Fourthly, the introduction of drug consumption facilities is essential. Emma Harper and I met Peter Krykant outside the Parliament only a few weeks ago, and I have become even more convinced that such provision will help many more people and communities. Fifthly, further analysis of local alcohol and drug partnerships is essential. Inverclyde has had a major change of direction over the past 18 months, and I hope that that change will save more lives in the future.
There are many more things that I would like to discuss, but time is short. I am keen to discuss issues with the minister directly if her diary allows that.
I thank Monica Lennon for giving us another opportunity to discuss this continuing crisis—death from drug and alcohol misuse is a crisis in Scotland. The current rate is the worst in the world per capita and is three times that of the UK. The drug deaths rate more than doubled between 2008 and 2018, and it shows no sign of slowing down.
From the outset, I want to highlight that there are two sides to the issue: treatment for those caught in addiction and the creation of an environment in which addiction is avoided. I will speak about the link between deprivation and addiction, which is an issue that I have been working on for some time. Children who are born in the most deprived areas are three times more likely to die before they are 25. That undoubtedly correlates with increased alcohol and drug abuse, coupled with suicides.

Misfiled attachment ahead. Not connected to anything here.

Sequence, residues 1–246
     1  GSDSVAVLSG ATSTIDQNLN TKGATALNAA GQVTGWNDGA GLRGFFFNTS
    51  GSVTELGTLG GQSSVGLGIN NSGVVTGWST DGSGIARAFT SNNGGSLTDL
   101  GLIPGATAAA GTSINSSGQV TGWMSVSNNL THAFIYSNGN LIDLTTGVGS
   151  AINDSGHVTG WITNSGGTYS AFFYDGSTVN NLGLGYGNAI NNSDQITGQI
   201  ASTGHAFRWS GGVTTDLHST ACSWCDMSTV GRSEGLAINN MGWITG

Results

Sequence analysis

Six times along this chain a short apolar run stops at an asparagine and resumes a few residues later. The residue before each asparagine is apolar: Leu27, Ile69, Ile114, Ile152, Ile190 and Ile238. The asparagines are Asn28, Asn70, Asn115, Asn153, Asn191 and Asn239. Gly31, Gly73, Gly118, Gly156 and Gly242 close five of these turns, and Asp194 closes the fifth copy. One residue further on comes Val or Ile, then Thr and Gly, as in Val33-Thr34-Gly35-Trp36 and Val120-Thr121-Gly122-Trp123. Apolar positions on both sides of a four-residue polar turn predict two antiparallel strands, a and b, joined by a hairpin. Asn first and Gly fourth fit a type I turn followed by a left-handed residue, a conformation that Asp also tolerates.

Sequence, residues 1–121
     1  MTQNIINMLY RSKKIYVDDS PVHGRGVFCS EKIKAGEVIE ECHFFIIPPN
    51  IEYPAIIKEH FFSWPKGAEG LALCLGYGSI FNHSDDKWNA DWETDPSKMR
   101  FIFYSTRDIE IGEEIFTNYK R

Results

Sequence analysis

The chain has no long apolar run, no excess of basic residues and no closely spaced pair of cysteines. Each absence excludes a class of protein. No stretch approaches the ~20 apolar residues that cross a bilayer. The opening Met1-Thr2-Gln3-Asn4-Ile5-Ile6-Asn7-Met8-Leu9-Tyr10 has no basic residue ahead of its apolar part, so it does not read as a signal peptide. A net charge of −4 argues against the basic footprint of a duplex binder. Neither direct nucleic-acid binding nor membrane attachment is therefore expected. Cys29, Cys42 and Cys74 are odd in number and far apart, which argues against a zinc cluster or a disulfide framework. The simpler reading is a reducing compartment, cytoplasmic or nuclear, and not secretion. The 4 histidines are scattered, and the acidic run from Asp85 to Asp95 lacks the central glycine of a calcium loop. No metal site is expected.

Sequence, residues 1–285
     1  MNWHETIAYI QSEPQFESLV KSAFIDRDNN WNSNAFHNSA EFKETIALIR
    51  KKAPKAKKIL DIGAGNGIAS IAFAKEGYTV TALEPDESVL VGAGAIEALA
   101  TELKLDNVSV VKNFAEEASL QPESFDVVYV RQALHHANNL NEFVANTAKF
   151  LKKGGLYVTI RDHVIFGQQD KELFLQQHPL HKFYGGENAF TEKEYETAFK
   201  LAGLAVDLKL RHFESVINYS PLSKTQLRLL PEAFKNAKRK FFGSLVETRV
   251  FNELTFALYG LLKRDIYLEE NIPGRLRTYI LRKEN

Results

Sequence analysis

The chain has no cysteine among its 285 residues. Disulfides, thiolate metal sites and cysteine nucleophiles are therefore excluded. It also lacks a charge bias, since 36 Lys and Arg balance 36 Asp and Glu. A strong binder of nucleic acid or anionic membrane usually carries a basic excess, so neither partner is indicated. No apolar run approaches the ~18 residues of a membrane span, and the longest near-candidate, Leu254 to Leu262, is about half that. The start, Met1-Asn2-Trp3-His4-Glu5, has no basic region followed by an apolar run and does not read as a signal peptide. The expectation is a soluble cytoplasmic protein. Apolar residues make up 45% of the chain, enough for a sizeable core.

In 2019, I joined the Scottish Affairs Committee at Westminster for its investigation into Scotland’s drug issue. The committee concluded that deprivation does not directly cause addiction and that the links between poverty and drug misuse are complex. The main mechanisms that are described as credible links between deprivation and problem drug use are weak family bonds, psychological discomfort and personal distress, low employment opportunities and few community resources. Once someone has a drug problem, they also have more limited means of escaping poverty—the chance of obtaining paid employment is much reduced, and having a criminal record, lacking an employment history and the stigma of having or having had a substance problem all play a part.